INDIANAPOLIS — Christmas in May was late this year but Christmas in December is coming a little early too. Sunday, is Christmas day here in Indianapolis. While no creatures will be stirring in the big aluminum grandstands at 16th and Georgetown, not even a mouse, Sunday’s 104th Running of the Indianapolis 500 (1 p.m. ET/NBC/INDYCAR Radio Network) is still on the horizon.
After four days of practice and two days of qualifying to set the 33 car field for Sunday’s 200 Lap race, what can we expect?
Past Winners Want A Win More Than Ever
It’s one thing to want to taste the milk here. It’s another to have tasted the milk here in the past and want it again. See, all the past winners that have won here, say that the jealousy is almost greater when they leave here and to have not won the race than it was when they left here before they had won the race.
Indy is a place everyone wants to win at. The desire is stronger here than anywhere else. But, once you get a win, you don’t want anyone else to bask in the ambiance as the winner for the next 12 months. You want it to be yourself.
So, for the past winners in Sunday’s field, they will be extremely jealous if they don’t win, so much so, some avoid social media for a while.
We’ve had a new, first time winner for the Indy 500 in each of the last six years. Also, since 2011, we’ve had a different winner each year here too. Going back to 2003, only Dario Franchitti and Dan Wheldon have won this race multiple times in that time frame.
The start of the 2018 Indy 500 – May 27, 2018, Indianapolis, Indiana USA ©2018, Porterimage USA
Will Starting Position Matter?
In the aero kit era, starting position didn’t matter at Indy. But, with this universal car that debuted in 2018, it now does. Simon Pagenaud became the first pole winner to win the ‘500 since 2009. Will Power won from third in 2018. Takuma Sato started fourth in his 2017 win. The drivers have all said this will be a track position race. I think this matters immensely.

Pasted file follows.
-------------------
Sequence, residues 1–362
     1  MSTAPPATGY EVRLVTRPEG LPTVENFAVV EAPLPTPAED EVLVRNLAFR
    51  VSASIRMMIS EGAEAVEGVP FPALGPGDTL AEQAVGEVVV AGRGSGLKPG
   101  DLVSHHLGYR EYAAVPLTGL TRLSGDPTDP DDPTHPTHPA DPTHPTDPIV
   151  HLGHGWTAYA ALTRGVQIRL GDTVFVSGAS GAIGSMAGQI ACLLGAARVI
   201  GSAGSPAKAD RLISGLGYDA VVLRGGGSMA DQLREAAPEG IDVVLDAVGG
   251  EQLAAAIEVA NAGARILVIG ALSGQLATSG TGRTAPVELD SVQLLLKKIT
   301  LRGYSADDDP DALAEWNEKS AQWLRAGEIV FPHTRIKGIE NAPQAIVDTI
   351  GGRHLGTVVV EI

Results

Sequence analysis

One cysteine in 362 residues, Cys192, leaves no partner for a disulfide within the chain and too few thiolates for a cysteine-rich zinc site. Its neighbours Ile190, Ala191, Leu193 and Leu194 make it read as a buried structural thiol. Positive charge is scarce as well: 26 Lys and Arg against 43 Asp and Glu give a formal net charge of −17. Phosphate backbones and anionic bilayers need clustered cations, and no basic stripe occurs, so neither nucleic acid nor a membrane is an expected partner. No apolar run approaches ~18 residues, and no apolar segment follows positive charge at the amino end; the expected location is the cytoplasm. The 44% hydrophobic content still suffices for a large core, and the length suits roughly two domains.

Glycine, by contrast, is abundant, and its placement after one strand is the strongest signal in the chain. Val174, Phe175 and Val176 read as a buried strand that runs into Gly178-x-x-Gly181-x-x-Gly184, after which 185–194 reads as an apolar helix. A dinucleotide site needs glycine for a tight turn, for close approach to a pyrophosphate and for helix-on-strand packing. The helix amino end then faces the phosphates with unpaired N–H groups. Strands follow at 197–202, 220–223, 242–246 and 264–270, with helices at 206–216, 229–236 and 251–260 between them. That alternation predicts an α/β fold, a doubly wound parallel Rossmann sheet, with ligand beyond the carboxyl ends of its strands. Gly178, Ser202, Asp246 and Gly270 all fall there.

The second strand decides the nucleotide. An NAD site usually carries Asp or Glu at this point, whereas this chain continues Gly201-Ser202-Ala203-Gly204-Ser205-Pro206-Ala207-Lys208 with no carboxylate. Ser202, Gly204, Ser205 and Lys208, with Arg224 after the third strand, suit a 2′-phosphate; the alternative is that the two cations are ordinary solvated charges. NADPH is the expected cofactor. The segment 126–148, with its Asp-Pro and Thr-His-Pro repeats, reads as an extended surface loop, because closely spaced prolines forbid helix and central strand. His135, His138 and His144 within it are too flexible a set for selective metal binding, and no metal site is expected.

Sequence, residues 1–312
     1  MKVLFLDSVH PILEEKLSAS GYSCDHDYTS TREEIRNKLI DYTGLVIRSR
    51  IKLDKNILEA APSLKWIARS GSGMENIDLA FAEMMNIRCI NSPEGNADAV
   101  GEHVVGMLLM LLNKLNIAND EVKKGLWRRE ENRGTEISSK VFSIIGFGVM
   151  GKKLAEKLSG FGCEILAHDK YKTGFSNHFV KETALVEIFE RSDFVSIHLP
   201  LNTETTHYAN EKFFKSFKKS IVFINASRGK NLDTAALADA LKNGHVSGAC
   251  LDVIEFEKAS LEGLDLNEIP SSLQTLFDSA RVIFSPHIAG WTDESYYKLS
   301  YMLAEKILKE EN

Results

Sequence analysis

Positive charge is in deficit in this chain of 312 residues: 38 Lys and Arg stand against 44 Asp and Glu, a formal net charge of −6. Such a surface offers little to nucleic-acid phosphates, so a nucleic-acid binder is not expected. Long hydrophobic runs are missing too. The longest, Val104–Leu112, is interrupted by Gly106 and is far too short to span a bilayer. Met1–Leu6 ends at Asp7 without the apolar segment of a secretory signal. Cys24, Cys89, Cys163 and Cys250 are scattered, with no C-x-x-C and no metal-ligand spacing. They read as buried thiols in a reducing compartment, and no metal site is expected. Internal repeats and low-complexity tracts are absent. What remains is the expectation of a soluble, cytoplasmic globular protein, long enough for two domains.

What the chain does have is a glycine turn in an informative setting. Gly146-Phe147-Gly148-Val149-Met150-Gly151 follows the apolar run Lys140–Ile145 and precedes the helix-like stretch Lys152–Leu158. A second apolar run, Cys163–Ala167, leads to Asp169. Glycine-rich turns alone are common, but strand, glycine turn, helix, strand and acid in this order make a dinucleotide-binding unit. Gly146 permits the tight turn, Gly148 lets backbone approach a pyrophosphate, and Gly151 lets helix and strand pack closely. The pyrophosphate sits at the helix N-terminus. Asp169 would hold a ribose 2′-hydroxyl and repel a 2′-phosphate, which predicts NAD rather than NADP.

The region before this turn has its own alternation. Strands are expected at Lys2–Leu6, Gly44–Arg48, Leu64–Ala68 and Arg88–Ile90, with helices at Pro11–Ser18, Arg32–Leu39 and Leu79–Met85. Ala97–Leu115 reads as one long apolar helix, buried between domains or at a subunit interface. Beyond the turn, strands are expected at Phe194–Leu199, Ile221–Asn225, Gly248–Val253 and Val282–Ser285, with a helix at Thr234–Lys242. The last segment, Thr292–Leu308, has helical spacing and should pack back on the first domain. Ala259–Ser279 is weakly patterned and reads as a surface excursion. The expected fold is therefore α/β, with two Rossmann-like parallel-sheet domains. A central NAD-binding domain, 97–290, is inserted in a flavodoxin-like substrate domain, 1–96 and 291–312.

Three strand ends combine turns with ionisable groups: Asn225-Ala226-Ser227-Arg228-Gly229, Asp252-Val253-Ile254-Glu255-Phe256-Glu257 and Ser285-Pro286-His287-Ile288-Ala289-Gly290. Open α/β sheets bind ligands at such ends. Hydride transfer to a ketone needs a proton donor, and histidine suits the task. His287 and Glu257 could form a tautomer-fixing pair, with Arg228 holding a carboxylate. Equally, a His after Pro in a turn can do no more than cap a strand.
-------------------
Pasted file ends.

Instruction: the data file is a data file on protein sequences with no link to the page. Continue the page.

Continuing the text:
Honda vs. Chevy
Chevrolet had the preferred power in this race the last two years. They’ve swept the front row in both 2018 and again in 2019. In 2018, they led nearly 150 of the 200 laps run. Last year, they combined to lead 155 of the 200 laps. They’ve now won two straight years too. But, Honda has the starting positions and Chevy the race pace. Who wins out?
Watch Out For The “Big 3”
Penske, Andretti and Ganassi are the top three organizations in Indy Car. While we’ve seen parity in terms of the driver front lately, we haven’t seen the same for the teams. Combined, Penske and Andretti have won each of the last six Indy 500’s. Throw Ganassi in there, and these three organizations have won 13 of the last 15 ‘500’s overall and 17 of the last 20 (since 2000).
With the points above, whom does this favor? See down low for more. Plus, the last non Penske Chevrolet driver to win at Indy was Al Unser Jr. with Galles in 1992.
The trio have won 83-percent (33 of 41) of the races run since the start of 2018 and 81 percent (59 of 74) since 2016.
Rookie Winner? Not Likely
In the past 103 years of this race, only nine times has a rookie driver won. It’s happened three times in the last 52 years and only four times in the last 91 years. So, while two rookies start in the first 3 Rows, it’s not likely they will win.
Repeat Winner? Not Likely
Pagenaud has the odds stacked against him this weekend. The last repeat winner was his teammate Helio Castroneves in 2001 and 2002. Helio, is the last repeat winner since Al Unser Sr. in 1970 and 1971. That’s two times this has happened in 65 years. Do you think it happens for the third time in 66 years?
More or Less Lead Changes?
Prior to the DW12 aerokit being introduced in 2012, the most lead changes in Indy 500 history was 29 in 1960. But, over the past eight years, we’ve seen at least 29 lead changes in each race.
There were 34 lead changes in both the 2012 and 2014 races, with a record 68 lead changes in 2013. In 2015, the manufacturer specific aero kits were introduced, and resulted in 37 lead changes in 2015, 54 in 2016 and 35 in 2017.